Procedure

There are two types of knee replacement procedures to relieve pain and restore alignment and function of the knee: total and partial. In a total knee replacement, the damaged bone and cartilage are resurfaced. The surgeon makes an incision to expose the knee joint. The damaged part of the femur is cut, then a component is attached to the end of the femur. The damaged part of the tibia and cartilage are cut or shaved to remove the damaged part of the bone and allow for a smooth surface to which to attach the implants. A component is then attached to the tibia. An artificial surface is placed between the two components to replace the cushioning meniscus. Everything is put together to form the new knee joint.

The knee is divided into three major compartments: media (the inside part of the knee), lateral (the outside part of the knee), and patellofemoral (the front of the knee between the knee cap and femur). Patients whose damage or disease is limited to one area may benefit from a partial knee replacement, also called knee resurfacing, where only the affected portion of the knee is resurfaced. To determine if this alternative is a viable option, the surgeon will make an incision in the front of your knee and explore the three components to determine the extent of the damage. If indeed the damage is limited to one compartment, you will undergo a partial knee replacement. The damaged bone and cartilage will be removed and replaced with metal coverings that recreate the joint surface. A plastic component will be placed between the two metal coverings to create a smooth, gliding surface.

Total Wrist Replacement

Regain Function

Contact Us >

Arthritis or a traumatic injury can weaken your wrist, resulting in severe pain, diminished grip strength, limited hand use, decreased range of motion, and impediment to everyday activities. Wrist replacement surgery can help you regain strength and provide the wrist movement and stability needed to live an active life – and it can be done as an outpatient.

Candidates

Not everyone is a candidate for total wrist replacement. If you suffer from pain and reduced function in the hand and wrist due to severe osteoarthritis, rheumatoid arthritis, or post-traumatic arthritis that does not respond to pain relievers, cortisone injections, or splinting, this procedure may be an option for you. It is not, however, recommended for those who use the wrist to meet the heavy demands of labor or contact sports.

Replacement vs. Fusion

A total wrist replacement involves restoring function to the wrist by removing damaged bone and cartilage and replacing them with metal and polyethylene components. As mentioned above, this is not an option for those who heavily utilize their wrist every day. A better option for those patients who need more wrist strength would be wrist fusion. In this procedure, the carpal bones in the hand are permanently fused with a metal plate to the radius. Fusion, however, limits mobility and dexterity. Fusion patients may experience difficulty with tasks that require finger dexterity, such as typing or playing an instrument.

Procedure

The wrist is a complicated joint. The base of the hand contains two rows of bones. There are four bones, called carpals, in each of those rows. Long, thin bones radiate out from the carpals to form the basis of the fingers and thumb. The forearm’s radius and ulna bones form a joint with the first row of the carpals. Cartilage covers the ends of the bones, creating a slick surface that allows the bones to smoothly move. If the cartilage is worn away or damaged, the bones rub against each other, causing wear, resulting in painful arthritis.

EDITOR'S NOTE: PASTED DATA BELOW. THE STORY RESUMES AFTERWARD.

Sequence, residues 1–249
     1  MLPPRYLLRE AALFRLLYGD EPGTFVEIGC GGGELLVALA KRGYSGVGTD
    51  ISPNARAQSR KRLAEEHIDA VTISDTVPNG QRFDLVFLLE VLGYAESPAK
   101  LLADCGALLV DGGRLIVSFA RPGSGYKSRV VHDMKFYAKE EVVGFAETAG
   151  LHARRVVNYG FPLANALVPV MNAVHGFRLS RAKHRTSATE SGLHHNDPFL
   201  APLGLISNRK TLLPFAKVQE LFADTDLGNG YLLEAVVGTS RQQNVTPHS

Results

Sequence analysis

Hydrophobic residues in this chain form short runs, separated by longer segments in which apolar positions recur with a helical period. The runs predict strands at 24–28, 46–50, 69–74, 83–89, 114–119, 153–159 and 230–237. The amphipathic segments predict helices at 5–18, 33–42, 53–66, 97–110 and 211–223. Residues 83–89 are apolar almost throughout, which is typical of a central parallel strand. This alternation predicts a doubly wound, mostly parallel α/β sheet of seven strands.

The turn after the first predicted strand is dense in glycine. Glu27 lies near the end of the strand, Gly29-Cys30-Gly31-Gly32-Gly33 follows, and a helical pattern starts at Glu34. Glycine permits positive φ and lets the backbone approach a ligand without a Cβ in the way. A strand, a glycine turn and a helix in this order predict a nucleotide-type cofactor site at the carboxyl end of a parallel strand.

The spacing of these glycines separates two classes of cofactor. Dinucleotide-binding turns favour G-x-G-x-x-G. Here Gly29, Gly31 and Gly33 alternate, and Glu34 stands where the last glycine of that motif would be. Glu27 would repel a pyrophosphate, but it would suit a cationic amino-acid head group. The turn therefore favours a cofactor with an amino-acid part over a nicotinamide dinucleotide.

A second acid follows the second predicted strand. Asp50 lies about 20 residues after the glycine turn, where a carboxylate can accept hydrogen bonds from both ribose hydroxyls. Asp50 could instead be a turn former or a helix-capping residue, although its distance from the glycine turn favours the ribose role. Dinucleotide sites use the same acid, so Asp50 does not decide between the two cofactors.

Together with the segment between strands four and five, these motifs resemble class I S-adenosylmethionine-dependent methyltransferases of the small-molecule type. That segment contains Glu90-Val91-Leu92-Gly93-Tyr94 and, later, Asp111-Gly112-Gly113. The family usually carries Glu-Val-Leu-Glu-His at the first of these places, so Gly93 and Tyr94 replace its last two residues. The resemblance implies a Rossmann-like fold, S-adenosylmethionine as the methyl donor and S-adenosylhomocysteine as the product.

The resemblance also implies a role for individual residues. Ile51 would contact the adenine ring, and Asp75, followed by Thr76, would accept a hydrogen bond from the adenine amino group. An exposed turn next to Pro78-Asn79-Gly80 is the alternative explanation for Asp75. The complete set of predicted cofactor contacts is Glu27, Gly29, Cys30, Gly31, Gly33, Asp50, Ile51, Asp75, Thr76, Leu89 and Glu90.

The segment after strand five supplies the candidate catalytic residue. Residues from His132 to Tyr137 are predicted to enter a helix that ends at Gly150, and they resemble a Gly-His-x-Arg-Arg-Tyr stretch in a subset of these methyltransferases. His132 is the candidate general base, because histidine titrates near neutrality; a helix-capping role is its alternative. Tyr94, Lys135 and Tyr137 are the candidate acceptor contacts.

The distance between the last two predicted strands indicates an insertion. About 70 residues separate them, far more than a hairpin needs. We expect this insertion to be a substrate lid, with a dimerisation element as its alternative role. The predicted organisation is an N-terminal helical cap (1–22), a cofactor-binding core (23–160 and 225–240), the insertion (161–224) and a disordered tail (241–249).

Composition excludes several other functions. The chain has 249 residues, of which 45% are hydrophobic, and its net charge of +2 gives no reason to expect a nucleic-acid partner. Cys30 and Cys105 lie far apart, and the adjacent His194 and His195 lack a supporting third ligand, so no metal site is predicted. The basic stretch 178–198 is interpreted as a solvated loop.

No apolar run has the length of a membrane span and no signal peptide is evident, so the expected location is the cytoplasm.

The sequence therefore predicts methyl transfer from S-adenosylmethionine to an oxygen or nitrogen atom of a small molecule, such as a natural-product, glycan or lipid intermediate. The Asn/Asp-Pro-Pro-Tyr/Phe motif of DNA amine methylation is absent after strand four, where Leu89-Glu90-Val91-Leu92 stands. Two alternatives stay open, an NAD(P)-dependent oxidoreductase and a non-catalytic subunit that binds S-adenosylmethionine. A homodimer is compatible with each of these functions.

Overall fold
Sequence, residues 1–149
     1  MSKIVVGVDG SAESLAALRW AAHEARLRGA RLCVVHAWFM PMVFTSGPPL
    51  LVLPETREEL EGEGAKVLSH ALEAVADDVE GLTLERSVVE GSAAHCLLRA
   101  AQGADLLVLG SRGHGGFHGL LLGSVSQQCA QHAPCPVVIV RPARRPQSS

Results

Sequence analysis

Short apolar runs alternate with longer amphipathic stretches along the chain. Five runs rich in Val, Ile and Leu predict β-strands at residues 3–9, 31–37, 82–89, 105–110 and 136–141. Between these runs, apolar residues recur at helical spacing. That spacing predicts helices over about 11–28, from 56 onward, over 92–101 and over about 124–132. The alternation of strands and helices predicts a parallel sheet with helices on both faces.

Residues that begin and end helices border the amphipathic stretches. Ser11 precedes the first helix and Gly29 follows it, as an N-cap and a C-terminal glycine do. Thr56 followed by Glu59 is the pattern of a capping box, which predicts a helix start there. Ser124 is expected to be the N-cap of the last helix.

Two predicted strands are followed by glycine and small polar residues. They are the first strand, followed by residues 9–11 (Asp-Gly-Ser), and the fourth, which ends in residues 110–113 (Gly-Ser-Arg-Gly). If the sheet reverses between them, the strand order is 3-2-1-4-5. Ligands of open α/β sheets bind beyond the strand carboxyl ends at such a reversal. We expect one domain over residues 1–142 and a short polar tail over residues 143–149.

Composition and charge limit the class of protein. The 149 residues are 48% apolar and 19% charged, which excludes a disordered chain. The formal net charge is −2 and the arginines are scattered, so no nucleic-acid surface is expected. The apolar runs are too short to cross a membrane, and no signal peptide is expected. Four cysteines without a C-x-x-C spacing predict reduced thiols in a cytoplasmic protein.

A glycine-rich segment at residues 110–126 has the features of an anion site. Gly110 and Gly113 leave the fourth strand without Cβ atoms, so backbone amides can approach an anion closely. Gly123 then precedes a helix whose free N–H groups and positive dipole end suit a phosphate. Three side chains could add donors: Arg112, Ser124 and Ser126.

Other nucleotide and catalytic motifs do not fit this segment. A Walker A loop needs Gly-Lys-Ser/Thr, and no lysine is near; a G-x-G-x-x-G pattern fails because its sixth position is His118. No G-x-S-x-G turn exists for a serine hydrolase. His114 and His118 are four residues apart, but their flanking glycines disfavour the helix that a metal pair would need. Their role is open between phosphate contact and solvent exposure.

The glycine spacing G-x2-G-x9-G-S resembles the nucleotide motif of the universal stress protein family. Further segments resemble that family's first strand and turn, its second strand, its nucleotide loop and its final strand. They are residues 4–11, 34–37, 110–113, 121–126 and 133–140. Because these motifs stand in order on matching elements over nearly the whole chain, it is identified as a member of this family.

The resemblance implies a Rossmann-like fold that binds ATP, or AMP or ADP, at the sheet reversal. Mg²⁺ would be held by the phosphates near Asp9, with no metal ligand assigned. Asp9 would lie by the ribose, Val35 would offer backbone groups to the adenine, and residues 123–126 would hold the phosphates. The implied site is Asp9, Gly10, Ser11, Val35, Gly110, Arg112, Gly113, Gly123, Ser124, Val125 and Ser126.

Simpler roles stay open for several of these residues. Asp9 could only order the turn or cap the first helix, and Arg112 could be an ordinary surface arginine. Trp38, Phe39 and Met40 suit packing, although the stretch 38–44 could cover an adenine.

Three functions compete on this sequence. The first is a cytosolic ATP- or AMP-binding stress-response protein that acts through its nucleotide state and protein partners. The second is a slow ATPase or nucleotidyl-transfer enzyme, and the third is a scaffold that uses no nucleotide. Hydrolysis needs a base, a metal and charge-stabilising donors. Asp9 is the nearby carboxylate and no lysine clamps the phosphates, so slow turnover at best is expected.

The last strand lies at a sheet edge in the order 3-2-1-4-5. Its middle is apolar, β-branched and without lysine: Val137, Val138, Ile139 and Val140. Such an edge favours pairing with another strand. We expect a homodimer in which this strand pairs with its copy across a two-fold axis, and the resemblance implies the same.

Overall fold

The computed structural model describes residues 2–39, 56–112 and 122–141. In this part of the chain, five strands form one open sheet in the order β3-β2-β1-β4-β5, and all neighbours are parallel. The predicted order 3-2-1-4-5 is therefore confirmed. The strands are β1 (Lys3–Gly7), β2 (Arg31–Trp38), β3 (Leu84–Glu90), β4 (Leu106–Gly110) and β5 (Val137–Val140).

During a wrist replacement procedure, the degenerated parts of the wrist bones are replaced with polyethylene and metal components. An incision is made in the back of the wrist. The surgeon then removes the damaged ends of the lower arm bones (radius and ulna). Depending upon the damage, the first row of carpal bones may also be removed. The radial component is inserted into the center of the radius bone. A distal component is then attached to the hand bones. The distal component has a globe-shaped piece of metal that fits into the plastic socket of the radial component. This new ball and socket joint improves wrist function. A spacer is inserted between the metal components for cushioning.

Total Elbow Replacement

Get Back In The Swing Of Things

Contact Us >

The elbow is very susceptible to repetitive, overuse injuries and arthritis because it rarely gets an opportunity to rest. It is used countless times throughout the day. Chronic pain or injury/fracture in this area can have a drastic impact on your entire life. Simple tasks like driving, opening doors, even shaking hands can feel impossible – not to mention activities involved in an active lifestyle. Fortunately, our experienced orthopedic specialists have the expertise needed to ease your pain and get you back to your normal routines with a total elbow replacement.

Candidates

Total elbow replacement may be necessary when one or more of the elbow bones are severely fractured. If those bones are shattered, it may not be possible to put them back in place. The procedure is also recommended for those whose severe arthritis has not responded to conservative treatment options like medications or steroid injections. Our surgeons will evaluate your situation to determine if you are a good candidate for elbow replacement.